We pretend that our economy depends on knowledge, but if we did not temper our knowledge with "I don't want to know," our economy would collapse in a week.
- I don't want to know the person who made my shoes for less than a dollar an hour.
- I don't want to know what pesticides do to developing human brains.
- I don't want to know where the 50,000 pounds of shit produced by my town today goes.
|Helen Keller paraphrased--I work in a good place.|
It take a special kind of thinking to take the pleasures we gain through our economic dominance while ignoring the costs to those of us we do not (and care not to) know.
Public education does this much well--it teaches children to compartmentalize. Separate what's real from what matters, and you've produced the perfect consumer.
Separate science from the arts, separate math from music, separate the quantitative form the qualitative, and you can produce the kind of citizens that, well, we have.
If you compartmentalize science, frame it within a classroom and some predictable "experiments," you strip a child of her right to see the natural world as it is, which is a lot more difficult than it seems.
|Egg lain in my garden, where it sat for days.|
If you give her the tools to see, question what's true, to be skeptical without cynicism, you have made her world magnitudes larger. (This is what happens in any good class--high school literature has opened far more doors than high school biology.)
I don't talk much about the work I used to do for a lot of reasons, but the strongest has been this--the children I spent years trying to help heal have been exploited by so many in the name of good that I feared my voice joining the Dudley Do-Right White Flight Choir.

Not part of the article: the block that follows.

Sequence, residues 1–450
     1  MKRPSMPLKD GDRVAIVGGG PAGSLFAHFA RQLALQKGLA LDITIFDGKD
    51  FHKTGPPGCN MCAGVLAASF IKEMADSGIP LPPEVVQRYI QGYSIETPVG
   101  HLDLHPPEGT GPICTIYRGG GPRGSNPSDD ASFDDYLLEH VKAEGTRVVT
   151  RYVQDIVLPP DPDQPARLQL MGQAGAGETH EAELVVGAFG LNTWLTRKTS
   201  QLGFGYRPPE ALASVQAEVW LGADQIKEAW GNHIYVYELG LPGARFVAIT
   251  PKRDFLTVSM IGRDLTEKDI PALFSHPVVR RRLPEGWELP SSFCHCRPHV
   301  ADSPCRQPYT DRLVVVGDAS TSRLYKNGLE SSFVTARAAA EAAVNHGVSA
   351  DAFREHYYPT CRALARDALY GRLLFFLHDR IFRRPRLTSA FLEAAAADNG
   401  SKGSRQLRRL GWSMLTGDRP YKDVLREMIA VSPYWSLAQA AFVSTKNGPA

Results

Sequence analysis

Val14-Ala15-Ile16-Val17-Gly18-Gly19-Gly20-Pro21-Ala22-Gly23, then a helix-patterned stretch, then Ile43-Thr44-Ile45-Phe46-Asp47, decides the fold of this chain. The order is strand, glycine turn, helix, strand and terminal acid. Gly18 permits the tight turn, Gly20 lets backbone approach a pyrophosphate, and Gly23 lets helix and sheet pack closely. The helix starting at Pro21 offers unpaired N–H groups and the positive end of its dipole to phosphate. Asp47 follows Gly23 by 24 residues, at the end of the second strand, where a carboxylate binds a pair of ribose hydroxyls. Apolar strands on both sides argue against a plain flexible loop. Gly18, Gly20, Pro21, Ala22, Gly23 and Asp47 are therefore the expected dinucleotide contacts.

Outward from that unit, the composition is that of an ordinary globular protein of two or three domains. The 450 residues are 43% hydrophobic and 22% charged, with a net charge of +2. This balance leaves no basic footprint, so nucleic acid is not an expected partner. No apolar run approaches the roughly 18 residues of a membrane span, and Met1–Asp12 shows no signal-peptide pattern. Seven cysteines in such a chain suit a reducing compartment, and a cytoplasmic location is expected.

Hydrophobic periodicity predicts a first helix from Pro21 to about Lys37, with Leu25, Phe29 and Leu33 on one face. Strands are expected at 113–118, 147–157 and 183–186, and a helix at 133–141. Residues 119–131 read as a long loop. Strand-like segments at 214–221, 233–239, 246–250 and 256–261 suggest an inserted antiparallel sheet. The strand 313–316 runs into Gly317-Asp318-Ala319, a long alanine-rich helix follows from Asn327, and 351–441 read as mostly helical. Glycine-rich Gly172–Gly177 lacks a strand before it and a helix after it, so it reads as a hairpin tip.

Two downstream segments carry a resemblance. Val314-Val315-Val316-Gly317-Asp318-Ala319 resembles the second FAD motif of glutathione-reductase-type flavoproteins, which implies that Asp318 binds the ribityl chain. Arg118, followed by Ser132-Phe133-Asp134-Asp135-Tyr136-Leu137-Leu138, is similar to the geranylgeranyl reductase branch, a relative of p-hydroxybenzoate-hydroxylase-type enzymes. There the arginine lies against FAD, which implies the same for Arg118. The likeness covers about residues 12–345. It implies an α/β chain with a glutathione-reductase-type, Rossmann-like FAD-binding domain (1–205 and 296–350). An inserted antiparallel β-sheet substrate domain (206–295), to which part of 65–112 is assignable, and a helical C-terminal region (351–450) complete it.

I'm a teacher now, haven't faced up close the grinding wear of poverty I used to see daily. Oh, a few of my students face it every day, but schools are compartmentalized enough (Crisis/Guidance/SRO/I&RS Committee) so that I no longer see it closely.
|Even our magic is compartmentalized...[Photo: Leslie Doyle]|
I used to steal medicines from various hospitals for families that had to choose between food and medicines. It was an open secret, and while it made the few who helped me feel like Robin Hood's Merrie Crew, and while we managed to put out a few fires here and there, we were just Band-Aids.
(I think just the act of being available, every day, even when all we could do was hold hands, mattered more than the medicine we practiced.)
Some of these children are in your classroom. Children need to know worlds exist beyond their limited spheres. Some of our teachers do, too.
Conscience requires knowledge, and knowledge worth acquiring requires conscience.
I teach science, but science can no more exist in a vacuum than literature, or music, or wood shop (where some of our students are clandestinely fed), and all matter. Our little spheres of influence fail if we do not share the larger sphere of humanity.
Yeah, I'm on a soapbox--I can see better from up here.